Russia-Ukraine live updates: 5 ‘Ukrainian saboteurs’ killed, Putin recognises rebel regions

Reports of the first fatalities in the Russia-Ukraine conflict have emerged, as an aggressive move by Vladimir Putin pushes tensions near breaking point.

Russia claims that five Ukrainian “saboteurs” have been killed while attempting to breach the border, as the threat of all-out war continues to escalate.

Tensions have also skyrocketed after Russian President Vladimir Putin made the inflammatory decision to recognise two rebel regions as separate entities to Ukraine – a move which insiders say has drastically escalated the threat of violence.

It comes after US President Joe Biden and his Russian counterpart Vladimir Putin yesterday agreed in principle to participate in a summit over the Ukraine crisis – on the proviso Russia does not invade the nation.

The news was confirmed by French President Emmanuel Macron’s office on Monday, and was later confirmed by White House press secretary Jen Psaki.

As the crisis rages on, US intelligence has this week revealed that Mr Putin has given the order for his troops to invade Ukraine, with the Russian army now poised to strike.

Around three-quarters of Russia’s total forces have reportedly been deployed against Ukraine, with almost 200,000 Russian and separatist forces positioned in the area near the border.

Read on for the latest live updates.

Five Ukrainian ‘saboteurs’ killed

Russian military officials have claimed that five Ukrainian “saboteurs” have been killed while attempting to breach the border.

According to the officials, the “diversionary reconnaissance” group were intercepted and their vehicles destroyed in addition to the deaths, although Ukraine has denied the allegations, insisting no Ukrainian forces were positioned in the Rostov region where the alleged fatalities occurred.

The claims come as Moscow continues to deny it was planning to invade Ukraine, despite intelligence from the West suggesting otherwise.

Putin recognises rebel regions

Russian President Vladimir Putin will sign a decree recognising two Ukraine rebel regions in a move that will drastically increase tensions in the region.

The move means Putin will acknowledge the breakaway regions – the self-proclaimed Donetsk People’s Republic (DPR) and Luhansk People’s Republic (LPR), which are located in eastern Ukraine – as separate regions from Ukraine.

The decision has disappointed the West, and threatens to scupper a planned summit between Putin and Joe Biden, which is due to be held provided Russia does not invade Ukraine.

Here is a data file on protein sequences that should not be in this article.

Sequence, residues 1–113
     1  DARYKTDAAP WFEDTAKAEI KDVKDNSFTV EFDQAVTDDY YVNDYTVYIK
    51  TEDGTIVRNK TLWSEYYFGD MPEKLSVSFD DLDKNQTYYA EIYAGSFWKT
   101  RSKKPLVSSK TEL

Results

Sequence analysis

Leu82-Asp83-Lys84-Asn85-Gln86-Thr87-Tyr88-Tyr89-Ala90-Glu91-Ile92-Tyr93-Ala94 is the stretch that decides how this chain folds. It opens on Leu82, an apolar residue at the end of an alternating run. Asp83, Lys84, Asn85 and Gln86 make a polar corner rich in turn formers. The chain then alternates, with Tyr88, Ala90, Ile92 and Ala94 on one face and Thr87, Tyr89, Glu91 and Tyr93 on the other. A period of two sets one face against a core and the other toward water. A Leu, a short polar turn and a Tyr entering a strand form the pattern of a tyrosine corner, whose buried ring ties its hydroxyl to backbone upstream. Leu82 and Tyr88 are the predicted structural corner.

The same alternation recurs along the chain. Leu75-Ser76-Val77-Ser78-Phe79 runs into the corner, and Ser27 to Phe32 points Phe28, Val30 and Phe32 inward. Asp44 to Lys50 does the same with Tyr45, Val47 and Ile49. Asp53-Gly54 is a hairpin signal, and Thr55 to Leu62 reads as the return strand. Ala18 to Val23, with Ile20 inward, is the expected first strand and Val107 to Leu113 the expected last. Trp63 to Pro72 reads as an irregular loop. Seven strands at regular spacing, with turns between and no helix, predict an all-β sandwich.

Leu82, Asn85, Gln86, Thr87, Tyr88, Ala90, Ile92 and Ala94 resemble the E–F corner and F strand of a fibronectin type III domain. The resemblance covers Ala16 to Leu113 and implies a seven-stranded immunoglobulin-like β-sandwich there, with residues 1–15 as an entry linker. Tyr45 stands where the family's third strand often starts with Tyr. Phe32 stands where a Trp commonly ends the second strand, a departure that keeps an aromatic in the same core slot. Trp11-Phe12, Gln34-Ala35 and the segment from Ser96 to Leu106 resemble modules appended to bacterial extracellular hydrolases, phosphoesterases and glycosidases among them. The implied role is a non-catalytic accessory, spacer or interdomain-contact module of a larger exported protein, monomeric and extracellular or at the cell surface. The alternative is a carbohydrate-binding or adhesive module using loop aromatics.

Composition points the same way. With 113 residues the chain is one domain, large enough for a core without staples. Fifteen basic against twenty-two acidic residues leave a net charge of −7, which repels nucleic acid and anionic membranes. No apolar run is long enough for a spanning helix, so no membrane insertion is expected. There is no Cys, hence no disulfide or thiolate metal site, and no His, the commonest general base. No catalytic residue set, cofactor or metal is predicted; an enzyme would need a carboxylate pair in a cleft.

In a televised address, Putin claimed Ukraine was part of Russia’s history and had never been an independent nation.

“If Ukraine was to join NATO it would serve as a direct threat to the security of Russia,” he said.

Other nations fear they’ll be next: Payne

Australian Foreign Minister Marise Payne has told 2GB fellow Eastern European, such as Poland and Lithuania, nations are growing increasingly “concerned” they could be next on Russia’s hit list.

“This is obviously a very very serious situation,” Ms Payne said on air.

“Countries in the region are very concerned, that was certainly the message they were sending.

“These are countries that have fought their way out of this kind of oppression in the past, they have done so with courage and with strength they have grown and developed.”

She said Australia was willing to assist other European nations in need.

“Australia has been very clear our commitment to their sovereignty and territorial integrity, particularly specifically the case of Ukraine right now … we will not be changing that position,” Ms Payne said.

“We will be continuing to request and suggest very very strongly … this is not inevitable, this does not have to happen, there are still choices to be made by Russia.”

Europe rolls out sanctions

The European Union earlier threatened to impose tough sanctions against Russia if it recognised the breakaway regions, and if Russia then annexed the areas.

Those threats were ignored, with Mr Putin signing a decree recognising the rebel regions, after confirming the move to French and German leaders shortly beforehand.

“If there is annexation, there will be sanctions, and if there is recognition, I will put the sanctions on the table and the ministers will decide,” the EU’s foreign policy chief Josep Borrell said in the wake of a meeting of EU foreign ministers.

Originally published as Russia kills 5 ‘Ukrainian saboteurs’ as Vladimir Putin recognises rebel regions

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